These rising costs are not because of the Affordable Care Act, or specific populations served by it. Health care costs have been trending upward for years for a variety of reasons: an aging population, specialty pharmacy and technology costs that did not exist decades ago, outside medical services and regulatory requirements, to name a few.

read ... Not 50%

Telescope Protesters’ camp allowed to remain in Spite of 'No Camping' Rule

HTH: Despite rules prohibiting camping on Mauna Kea, protesters of the Thirty Meter Telescope have been allowed to do so for more than two months, maintaining a 24-hour presence outside the Mauna Kea Visitor Information Station.

In an email response Monday, Deborah Ward, spokeswoman for the state Department of Land and Natural Resources, said the department is in frequent communication with the campers to ensure impacts to the surrounding natural resources are minimized and public safety is a priority.

“At this time, we have allowed them to remain and peacefully express their right of free speech while we assess the situation,” she said.

Protest organizer Kahookahi Kanuha said his group considers the state itself to be illegal, and he does not consider his actions camping....

Dan Meisenzahl, spokesman for the University of Hawaii, which manages the Mauna Kea Science Reserve and the visitor station, said in an email Tuesday there was “nothing significant to report” with the small group of protesters.

“No incidents. No trouble,” he wrote.

“I think the fact the rangers have a consistent presence has kept things relatively mellow,” he added. “Also, the numbers (of campers) have been really low since the moratorium on construction was announced.”

DLNR has not always used such a soft touch with protesters camping on state land.

In 2013, DLNR officers arrested 11 people for camping at Wailoa River State Recreation Area in Hilo. The campers had planted a “kanaka garden” near the King Kamehameha statue in protest of the overthrow of the Hawaiian Kingdom.

The protest lasted for about four months before the taro patch was removed....

read ... Protesters are a Superior Life form and as such must not be bound by our laws

Escape Hatch in 100% Renewable Bill Signed into Law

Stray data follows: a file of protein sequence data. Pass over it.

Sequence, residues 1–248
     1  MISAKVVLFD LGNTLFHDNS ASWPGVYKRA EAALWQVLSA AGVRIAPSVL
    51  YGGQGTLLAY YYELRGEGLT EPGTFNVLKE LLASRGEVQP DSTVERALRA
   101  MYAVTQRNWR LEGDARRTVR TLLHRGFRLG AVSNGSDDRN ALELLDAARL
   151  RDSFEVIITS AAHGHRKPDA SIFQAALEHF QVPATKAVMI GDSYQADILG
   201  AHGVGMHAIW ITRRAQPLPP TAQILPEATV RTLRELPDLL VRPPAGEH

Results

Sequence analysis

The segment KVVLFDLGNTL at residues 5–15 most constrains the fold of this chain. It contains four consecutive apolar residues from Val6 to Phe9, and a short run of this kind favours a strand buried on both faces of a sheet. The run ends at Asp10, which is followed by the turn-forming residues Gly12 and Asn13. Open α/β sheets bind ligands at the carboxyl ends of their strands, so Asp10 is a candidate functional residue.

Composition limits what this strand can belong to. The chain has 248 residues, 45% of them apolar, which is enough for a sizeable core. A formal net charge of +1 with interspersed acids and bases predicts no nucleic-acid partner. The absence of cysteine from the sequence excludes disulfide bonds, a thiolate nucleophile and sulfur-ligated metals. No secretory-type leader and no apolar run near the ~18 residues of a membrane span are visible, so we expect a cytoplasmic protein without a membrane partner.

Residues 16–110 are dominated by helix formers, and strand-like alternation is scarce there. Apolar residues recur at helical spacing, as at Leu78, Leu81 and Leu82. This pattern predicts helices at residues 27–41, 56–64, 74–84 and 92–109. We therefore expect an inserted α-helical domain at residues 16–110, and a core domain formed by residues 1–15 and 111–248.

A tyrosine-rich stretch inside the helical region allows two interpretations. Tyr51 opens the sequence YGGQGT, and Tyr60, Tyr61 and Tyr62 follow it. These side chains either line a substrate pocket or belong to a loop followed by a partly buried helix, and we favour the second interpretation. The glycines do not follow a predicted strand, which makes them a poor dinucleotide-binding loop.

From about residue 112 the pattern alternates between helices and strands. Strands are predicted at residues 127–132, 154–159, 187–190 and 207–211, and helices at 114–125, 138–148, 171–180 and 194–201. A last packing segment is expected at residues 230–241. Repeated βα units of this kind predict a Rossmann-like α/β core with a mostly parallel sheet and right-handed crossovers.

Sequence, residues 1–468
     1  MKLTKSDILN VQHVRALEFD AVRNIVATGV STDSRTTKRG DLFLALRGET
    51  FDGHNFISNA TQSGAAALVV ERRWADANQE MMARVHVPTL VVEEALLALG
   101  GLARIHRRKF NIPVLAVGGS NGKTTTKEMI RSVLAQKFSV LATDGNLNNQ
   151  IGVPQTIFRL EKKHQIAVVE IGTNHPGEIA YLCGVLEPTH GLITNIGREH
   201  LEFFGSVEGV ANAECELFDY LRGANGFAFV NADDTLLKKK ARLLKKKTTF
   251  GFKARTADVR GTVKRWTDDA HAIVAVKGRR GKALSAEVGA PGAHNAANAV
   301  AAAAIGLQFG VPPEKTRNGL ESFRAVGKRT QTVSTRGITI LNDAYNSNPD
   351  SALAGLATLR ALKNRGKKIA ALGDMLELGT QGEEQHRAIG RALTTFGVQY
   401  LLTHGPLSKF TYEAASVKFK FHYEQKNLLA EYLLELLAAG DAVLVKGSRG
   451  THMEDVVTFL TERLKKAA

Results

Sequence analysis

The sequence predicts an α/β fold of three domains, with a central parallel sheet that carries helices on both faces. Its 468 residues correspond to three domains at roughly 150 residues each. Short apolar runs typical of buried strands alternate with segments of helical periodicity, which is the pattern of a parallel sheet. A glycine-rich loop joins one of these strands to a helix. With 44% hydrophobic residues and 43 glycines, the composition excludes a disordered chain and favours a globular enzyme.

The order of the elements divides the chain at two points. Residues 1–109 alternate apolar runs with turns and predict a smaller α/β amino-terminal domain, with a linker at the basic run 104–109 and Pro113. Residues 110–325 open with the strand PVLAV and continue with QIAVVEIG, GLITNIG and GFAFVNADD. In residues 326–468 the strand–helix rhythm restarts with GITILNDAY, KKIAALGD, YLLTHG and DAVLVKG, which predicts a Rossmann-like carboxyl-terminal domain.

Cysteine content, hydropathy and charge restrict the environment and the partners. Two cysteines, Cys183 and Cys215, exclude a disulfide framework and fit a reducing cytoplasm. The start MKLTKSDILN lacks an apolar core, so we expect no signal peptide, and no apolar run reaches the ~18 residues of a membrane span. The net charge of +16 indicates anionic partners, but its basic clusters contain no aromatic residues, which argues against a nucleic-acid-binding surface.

NYT: ...The growth of solar power in Hawaii — the mother of all green-energy no-brainers — has been marked by fierce battling on the rooftops involving customers, utility officials, regulators and the solar industry. Many islanders are wary of wind farms, which can be a hard sell in a place where the natural beauty is sublime, cherished and imperiled. Endless rows of windmills may be an aesthetic non-issue, or even an improvement, in a vast mainland desert or cornfield, but in tiny Hawaii, resistance has been intense.

As for geothermal, the issue is complicated not just by the industry’s toxic spills and accidents, but also by native Hawaiian religious traditions. The state’s active volcanoes are believed to be the home of the goddess Pele, and many anti-geothermal activists are not speaking entirely metaphorically when they denounce drilling as rape.

Hawaii deserves credit for trying, but my eyes fell on what seems like an escape hatch in the bill. While the bill calls for punishing utilities that fall short of the green energy requirements, it does not specify any penalties. It also outlines broad reasons the requirements may be waived. Among the many reasons the public utility commission may let a utility off the hook is this:

“Inability to acquire sufficient renewable electrical energy to meet the renewable portfolio standard goals beyond 2030 in a manner that is beneficial to Hawaii’s economy in relation to comparable fossil fuel resources.”

That there is a legislative paraphrase of a well-known Hawaiian pidgin saying, an eloquently condensed version of the serenity prayer, which goes:  “If can, can. If no can, no can.”

read ... A Green Future for Blue Hawaii, Maybe

Escape Hatch in Oahu Plastic Bag Ban

KITV: Oahu’s ban on plastic bags is just three weeks away, but don’t expect to find a shortage of bags at the checkout counter. The new law passed in 2012, but with three years of lead time, includes a number of exemptions for local businesses, while also allowing retailers to use substitute bags that comply with the new ordinance.

"Some people were concerned that there wouldn't be any bags; that they would have to bring reusable bags, but as people started learning more about the ban, learning about different options, I think they understood that they'll have something available at the store," said Adrian Hong, president of Island Plastic Bacs, Inc.

Hong’s business in Halawa still manufactures plastic bags, but is importing compostable and reusable plastic bags from China to help retailers comply with the new law. Retailers also have the option of using 40 percent post-consumer paper bags, and that appears to be the new bag of choice....

read ... Escape Hatch

Fear of Lawsuits after Armed robbery at 'Birthing Stones' spurs OHA to clear Lake Wilson homeless encampment

KITV: The birthing stones of the alii is what draws both tourists and locals to the area known as Kukaniloko.

But visitors were surprised to learn that last week, a group of seniors were the target of an attack....

The police helicopter was up in the air surveying the area Tuesday....

The Office of Hawaiian Affairs shares re$pon$ibility of the cultural site with the state.

"I was extremely concerned," said OHA administrator Kamanao Crabbe after learning of the robbery.

Crabbe says two years ago, OHA acquired more than 500 acres of former Galbraith trust lands around the lake and inherited a homeless problem.

It's been working on a management plan which now kicks in to high gear.